Pasteurella are small Gram-negative coccobacilli that are primarily commensals or pathogens of animals. However, these organisms can cause a variety of infections in humans, usually as a result of cat scratches, or cat or dog bites or licks.
Pasteurella infections will be reviewed here. Other infections related to dog and cat bites or scratches are discussed separately. (See "Soft tissue infections due to dog and cat bites" and "Initial management of animal and human bites" and "Zoonoses from dogs" and "Zoonoses from cats".)
The members of the genus Pasteurella are small, nonmotile, nonspore-forming organisms. In Gram stained specimens, they generally appear as a single bacillus, often with bipolar staining, but may also be seen in pairs or short chains (picture 1) .
Pasteurella spp are aerobic, facultatively anaerobic, and grow well at 37ºC on 5 percent sheep blood (the preferred culture medium), chocolate, or Mueller-Hinton agar; growth is uncommon on MacConkey's agar. Most strains recovered from clinical specimens are catalase, oxidase, indole, sucrose, and decarboxylate ornithine positive. The indole-positive species exhibit a mouse-like odor. Media containing vancomycin, clindamycin, and/or amikacin have been used to select for pasteurellae . Potential bacterial virulence factors include capsule lipopolysaccharide, a cytotoxin, iron acquisition proteins, and other surface structures including homologues of the Bordetella pertussis filamentous hemagglutinin [2,3].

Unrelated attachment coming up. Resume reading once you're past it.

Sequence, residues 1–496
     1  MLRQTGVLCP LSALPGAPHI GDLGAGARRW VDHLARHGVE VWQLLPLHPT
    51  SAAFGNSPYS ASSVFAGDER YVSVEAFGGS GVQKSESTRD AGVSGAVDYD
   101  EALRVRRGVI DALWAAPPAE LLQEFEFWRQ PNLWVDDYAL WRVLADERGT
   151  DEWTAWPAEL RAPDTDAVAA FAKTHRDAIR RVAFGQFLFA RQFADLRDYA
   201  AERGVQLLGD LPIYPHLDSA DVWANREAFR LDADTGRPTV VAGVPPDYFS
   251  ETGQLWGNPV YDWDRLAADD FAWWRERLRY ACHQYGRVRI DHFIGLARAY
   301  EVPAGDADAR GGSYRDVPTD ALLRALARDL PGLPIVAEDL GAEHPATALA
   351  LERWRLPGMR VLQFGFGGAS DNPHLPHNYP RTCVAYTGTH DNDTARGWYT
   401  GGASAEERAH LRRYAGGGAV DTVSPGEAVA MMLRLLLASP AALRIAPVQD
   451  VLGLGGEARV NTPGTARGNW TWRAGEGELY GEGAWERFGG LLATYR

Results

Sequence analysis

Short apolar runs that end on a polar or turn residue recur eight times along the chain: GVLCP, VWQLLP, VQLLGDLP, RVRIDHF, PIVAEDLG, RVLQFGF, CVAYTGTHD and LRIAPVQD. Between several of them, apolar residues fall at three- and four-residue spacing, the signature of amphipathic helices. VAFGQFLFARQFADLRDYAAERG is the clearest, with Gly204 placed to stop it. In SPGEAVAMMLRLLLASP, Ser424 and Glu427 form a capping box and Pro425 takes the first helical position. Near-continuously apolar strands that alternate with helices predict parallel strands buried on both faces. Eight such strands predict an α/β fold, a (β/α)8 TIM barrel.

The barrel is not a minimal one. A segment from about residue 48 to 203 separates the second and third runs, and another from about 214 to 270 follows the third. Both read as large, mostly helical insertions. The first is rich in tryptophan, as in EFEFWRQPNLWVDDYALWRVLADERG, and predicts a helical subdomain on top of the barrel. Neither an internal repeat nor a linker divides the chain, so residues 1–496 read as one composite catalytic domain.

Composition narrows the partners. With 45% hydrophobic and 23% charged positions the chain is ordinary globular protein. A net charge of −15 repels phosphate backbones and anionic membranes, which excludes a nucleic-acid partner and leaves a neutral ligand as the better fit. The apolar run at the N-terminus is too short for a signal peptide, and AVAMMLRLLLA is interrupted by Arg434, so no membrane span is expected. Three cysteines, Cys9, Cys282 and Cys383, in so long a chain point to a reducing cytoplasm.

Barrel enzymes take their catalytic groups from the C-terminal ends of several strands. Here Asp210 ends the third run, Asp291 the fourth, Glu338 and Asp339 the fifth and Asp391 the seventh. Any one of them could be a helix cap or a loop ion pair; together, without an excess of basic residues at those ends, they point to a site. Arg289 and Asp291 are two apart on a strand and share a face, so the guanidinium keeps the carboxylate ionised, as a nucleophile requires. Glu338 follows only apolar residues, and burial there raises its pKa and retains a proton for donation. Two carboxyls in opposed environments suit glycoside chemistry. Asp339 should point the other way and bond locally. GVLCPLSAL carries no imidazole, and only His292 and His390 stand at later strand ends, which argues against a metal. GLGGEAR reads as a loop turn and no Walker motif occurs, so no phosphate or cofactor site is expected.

Human infections have been reported from P. multocida (the most common pathogen and type species for the genus), including P. multocida subsp multocida, P. multocida subsp septica, and P. multocida subsp gallicida; P. canis; P. dagmatis; and P. stomatis [4,5]. All except P. canis (associated only with dogs) are associated with dogs and cats. The subspecies of P. multocida can be differentiated by PCR fingerprinting . Related species include [P.] aerogenes, [P.] bettyae, [P.] caballi, [P.] pneumotropica, [P.] trehalosi, and [P.] haemolytica .